The latest Wall Street Journal poll finds that 15% of U.S. voters don’t like either Joe Biden or Donald Trump.
But while these voters prefer Biden over Trump in a potential 2024 rematch by 12 percentage points (36% to 24%), they also say they prefer a Republican over a Democrat on the 2022 midterm ballot by 13 percentage points (42% to 29%).
A recent Susquehanna poll had a similar finding. Biden leads Trump in a possible 2024 rematch by three percentage points (46% to 43%), while Republicans lead by six points on the 2022 generic ballot (47% to 41%).
Both of these polls suggest Trump doesn’t really help the GOP’s electoral prospects.
Said GOP pollster Tony Fabrizio: “A lot of Democrats will want to use Trump as the boogeyman in the midterm elections, but he’s not on the ballot. And that’s really important, given how important inflation and the economy are to voters.”
“Maryland Gov. Larry Hogan is planning trips to Iowa and New Hampshire. Rep. Adam Kinzinger (R-IL) is considering a rough timeline for a potential presidential announcement. And allies of Rep. Liz Cheney (R-WY) are openly talking up her White House prospects,” the AP reports.
“More than two years before the next presidential election, a shadow primary is already beginning to take shape among at least three fierce Republican critics of former President Donald Trump to determine who is best positioned to occupy the anti-Trump lane in 2024.”
“Their apparent willingness to run — even if Trump does, as is widely expected — represents a shift from previous years when “Never Trump” operatives failed to recruit any GOP officeholders to challenge the incumbent president. But with the 2024 contest almost in view, the question is no longer whether one of Trump’s prominent Republican critics will run, but how many will mount a campaign and how soon they will announce.”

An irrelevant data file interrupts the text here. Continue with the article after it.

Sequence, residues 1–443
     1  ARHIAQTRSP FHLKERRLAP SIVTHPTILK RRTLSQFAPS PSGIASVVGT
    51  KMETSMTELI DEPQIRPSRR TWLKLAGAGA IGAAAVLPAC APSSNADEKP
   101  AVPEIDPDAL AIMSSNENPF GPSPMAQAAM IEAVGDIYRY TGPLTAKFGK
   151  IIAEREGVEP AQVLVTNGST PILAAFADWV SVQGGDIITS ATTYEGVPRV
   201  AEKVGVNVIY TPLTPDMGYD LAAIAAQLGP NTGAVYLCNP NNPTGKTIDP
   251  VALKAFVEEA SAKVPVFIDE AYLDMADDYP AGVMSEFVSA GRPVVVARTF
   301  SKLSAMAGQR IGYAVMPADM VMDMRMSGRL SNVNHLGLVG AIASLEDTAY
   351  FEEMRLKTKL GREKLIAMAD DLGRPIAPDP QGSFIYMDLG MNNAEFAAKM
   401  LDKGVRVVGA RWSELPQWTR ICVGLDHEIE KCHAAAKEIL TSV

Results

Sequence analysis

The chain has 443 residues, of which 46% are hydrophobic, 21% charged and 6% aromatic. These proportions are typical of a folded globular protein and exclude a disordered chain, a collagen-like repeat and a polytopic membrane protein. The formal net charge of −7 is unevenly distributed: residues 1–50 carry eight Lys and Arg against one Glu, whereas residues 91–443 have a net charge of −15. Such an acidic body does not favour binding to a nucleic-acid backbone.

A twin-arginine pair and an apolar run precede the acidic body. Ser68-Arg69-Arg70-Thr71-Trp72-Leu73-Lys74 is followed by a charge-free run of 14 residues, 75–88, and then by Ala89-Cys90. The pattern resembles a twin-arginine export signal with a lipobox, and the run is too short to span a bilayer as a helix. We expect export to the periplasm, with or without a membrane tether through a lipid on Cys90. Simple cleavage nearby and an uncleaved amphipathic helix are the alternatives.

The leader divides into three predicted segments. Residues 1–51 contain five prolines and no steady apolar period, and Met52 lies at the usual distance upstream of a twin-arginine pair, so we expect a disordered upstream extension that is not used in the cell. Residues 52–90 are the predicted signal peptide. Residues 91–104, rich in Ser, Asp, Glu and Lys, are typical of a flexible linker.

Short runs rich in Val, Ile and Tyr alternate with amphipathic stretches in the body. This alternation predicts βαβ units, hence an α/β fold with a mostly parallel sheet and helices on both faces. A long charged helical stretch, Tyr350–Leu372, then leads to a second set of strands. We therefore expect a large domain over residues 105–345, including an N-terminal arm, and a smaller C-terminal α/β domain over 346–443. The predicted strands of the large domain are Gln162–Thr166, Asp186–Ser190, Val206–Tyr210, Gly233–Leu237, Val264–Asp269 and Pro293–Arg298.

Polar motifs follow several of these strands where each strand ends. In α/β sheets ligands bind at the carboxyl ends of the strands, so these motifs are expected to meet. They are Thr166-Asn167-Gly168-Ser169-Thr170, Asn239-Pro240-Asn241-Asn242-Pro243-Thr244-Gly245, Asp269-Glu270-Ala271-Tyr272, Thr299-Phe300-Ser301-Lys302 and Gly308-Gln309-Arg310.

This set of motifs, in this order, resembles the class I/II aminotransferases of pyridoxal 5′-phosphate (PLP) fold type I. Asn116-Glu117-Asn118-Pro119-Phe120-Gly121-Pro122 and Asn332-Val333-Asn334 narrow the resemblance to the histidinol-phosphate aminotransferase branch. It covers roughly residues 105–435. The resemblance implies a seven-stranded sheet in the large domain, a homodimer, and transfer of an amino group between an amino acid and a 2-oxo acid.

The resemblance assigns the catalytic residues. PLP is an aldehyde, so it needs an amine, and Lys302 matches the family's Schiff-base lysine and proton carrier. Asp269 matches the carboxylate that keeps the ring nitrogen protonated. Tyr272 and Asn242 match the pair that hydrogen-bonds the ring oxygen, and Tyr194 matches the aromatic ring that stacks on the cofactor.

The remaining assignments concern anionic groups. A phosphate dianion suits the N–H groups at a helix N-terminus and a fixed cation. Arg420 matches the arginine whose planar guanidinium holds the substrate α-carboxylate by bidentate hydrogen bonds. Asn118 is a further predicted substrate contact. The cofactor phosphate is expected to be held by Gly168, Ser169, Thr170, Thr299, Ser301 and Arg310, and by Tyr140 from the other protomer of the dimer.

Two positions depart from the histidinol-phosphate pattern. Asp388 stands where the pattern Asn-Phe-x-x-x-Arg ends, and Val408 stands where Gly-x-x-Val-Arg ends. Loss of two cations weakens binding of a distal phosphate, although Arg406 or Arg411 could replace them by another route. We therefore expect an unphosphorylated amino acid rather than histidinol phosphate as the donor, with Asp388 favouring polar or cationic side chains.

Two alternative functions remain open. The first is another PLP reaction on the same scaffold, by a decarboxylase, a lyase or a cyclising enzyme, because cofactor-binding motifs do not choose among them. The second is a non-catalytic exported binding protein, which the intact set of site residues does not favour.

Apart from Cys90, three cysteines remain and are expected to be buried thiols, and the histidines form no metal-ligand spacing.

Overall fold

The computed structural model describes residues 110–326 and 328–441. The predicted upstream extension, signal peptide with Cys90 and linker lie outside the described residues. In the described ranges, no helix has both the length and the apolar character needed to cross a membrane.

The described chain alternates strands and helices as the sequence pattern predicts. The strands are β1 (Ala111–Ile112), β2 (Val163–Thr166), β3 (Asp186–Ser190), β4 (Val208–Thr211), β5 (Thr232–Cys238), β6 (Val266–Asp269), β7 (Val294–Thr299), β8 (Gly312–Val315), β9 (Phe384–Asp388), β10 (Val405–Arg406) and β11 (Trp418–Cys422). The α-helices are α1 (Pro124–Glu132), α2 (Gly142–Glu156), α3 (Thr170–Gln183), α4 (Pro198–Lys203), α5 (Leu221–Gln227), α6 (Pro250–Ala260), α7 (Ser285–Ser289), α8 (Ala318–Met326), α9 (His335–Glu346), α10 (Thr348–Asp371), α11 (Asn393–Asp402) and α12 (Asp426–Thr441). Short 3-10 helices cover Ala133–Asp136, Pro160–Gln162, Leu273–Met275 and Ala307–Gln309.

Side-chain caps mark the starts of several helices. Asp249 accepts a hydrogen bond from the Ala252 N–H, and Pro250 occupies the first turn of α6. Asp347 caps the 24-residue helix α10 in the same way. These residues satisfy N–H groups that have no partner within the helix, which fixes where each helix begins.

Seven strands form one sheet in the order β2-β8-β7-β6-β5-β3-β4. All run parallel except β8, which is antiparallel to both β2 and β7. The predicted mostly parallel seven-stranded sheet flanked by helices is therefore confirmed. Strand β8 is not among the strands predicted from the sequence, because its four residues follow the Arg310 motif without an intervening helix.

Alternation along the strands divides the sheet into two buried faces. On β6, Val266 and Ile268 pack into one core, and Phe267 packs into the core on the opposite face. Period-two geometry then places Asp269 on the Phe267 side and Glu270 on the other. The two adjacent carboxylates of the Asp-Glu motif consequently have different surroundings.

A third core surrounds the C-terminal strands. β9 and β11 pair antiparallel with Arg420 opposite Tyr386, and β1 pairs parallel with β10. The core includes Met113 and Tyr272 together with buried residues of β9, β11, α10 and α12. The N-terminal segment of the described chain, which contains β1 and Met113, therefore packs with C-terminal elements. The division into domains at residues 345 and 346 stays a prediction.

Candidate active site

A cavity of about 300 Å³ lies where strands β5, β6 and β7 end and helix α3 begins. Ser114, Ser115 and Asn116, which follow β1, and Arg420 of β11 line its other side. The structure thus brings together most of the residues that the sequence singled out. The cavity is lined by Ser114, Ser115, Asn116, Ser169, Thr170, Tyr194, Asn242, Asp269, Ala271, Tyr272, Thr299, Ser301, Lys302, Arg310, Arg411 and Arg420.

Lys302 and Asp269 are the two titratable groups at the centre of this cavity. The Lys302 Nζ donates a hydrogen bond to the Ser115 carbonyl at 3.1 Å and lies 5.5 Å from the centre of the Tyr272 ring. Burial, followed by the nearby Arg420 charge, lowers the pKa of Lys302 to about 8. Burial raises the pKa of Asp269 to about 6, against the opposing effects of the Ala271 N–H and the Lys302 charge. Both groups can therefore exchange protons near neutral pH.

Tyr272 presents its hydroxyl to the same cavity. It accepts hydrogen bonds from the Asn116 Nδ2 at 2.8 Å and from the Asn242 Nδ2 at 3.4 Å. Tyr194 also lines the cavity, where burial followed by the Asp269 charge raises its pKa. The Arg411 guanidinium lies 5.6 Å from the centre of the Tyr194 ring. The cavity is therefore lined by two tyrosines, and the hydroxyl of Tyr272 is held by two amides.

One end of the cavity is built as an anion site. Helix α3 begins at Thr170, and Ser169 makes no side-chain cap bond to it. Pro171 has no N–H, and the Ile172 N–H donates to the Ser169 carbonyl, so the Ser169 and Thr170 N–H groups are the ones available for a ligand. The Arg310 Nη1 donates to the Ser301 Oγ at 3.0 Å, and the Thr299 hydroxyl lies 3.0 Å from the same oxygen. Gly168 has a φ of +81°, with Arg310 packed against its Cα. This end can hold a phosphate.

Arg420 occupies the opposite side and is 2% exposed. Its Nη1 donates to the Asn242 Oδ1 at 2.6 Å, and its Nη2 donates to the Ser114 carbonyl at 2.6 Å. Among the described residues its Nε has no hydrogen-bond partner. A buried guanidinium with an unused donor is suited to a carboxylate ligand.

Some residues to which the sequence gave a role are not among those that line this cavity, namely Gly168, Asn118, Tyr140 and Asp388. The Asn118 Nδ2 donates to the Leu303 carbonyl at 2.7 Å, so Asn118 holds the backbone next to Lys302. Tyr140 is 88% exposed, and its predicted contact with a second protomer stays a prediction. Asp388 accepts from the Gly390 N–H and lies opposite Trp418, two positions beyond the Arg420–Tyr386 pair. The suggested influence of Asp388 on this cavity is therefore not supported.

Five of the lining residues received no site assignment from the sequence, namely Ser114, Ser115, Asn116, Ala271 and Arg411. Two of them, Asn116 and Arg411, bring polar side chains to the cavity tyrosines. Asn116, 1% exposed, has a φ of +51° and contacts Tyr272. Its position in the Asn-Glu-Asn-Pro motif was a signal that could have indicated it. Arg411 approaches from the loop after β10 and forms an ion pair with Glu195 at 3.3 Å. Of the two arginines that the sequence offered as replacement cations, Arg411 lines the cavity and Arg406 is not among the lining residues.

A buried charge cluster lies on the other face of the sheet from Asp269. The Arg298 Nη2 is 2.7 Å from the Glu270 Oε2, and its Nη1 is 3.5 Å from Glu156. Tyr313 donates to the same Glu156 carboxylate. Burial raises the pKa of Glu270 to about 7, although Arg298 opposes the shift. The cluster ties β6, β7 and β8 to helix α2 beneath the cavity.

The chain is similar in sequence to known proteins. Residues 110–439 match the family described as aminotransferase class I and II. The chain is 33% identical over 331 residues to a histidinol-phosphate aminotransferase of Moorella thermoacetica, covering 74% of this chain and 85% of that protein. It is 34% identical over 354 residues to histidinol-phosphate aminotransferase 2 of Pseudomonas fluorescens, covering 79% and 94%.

CNN: “Cheney’s own activity suggests she is laying the groundwork for something more. Last year, she traveled to the early primary state of New Hampshire. She has been making speeches to national Republican organizations such as the centrist Ripon Society. And Cheney has demonstrated impressive fundraising prowess, including raising a personal record $2 million in the final quarter of 2021.”
Politico: “Over the past few weeks, three would-be presidential candidates who hail from the conservative wing of the Republican Party — Arkansas Sen. Tom Cotton, former Vice President Mike Pence and Florida Gov. Ron DeSantis — have prodded at or even outright criticized the former president’s record. After spending years lavishing praise on Trump and touting his policies, they are zeroing in on key moments from his tenure in office, from his pandemic response, to his words and actions regarding Russia, to the prison reform legislation he signed into law.”
“Unlike several potential 2024 contenders who hail from the more moderate wing of the GOP, the three are being guarded in their criticism of Trump. But each critique has attracted special attention given the near-lockstep party support Trump has commanded for years.”
“The DNC hauled in more than $14.4 million in February — the most in any February in DNC history — as Democratic donors are waking to the possibility of their party taking a beating in the midterms,” NBC News reports.
“A Democratic super PAC said it is filing a formal complaint with the Federal Election Commission on Monday accusing Donald Trump of violating campaign finance law by spending political funds on a 2024 presidential bid without formally declaring himself a candidate,” the New York Times reports.
“The complaint uses Mr. Trump’s own words about a 2024 run — ‘I know what I’m going to do, but we’re not supposed to be talking about it yet from the standpoint of campaign finance laws,’ he said in the fall — to accuse him of improperly using his existing political committees to advance a presidential run.”
Politico: “Democrats running for Senate are still holding their fire in primaries. Republicans are stuck in the Thunderdome.”
“GOP candidates are already pummeling each other in monthslong advertising free-for-alls, fights intensified by unprecedented television spending. The parties’ approaches in money spent and messaging could hardly be more different so far, as is the mere number of contested races: For Republicans, there are more than a dozen states where GOP candidates are attacking each other in bids for Senate nominations, while Democrats have unresolved primaries in just two key states — neither of which have turned vicious yet.”
Rep. Mark Pocan (D-WI) accused Sen. Ron Johnson (R-WI) of spiking his brother’s judicial nomination for homophobic reasons, the Milwaukee Journal Sentinel reports.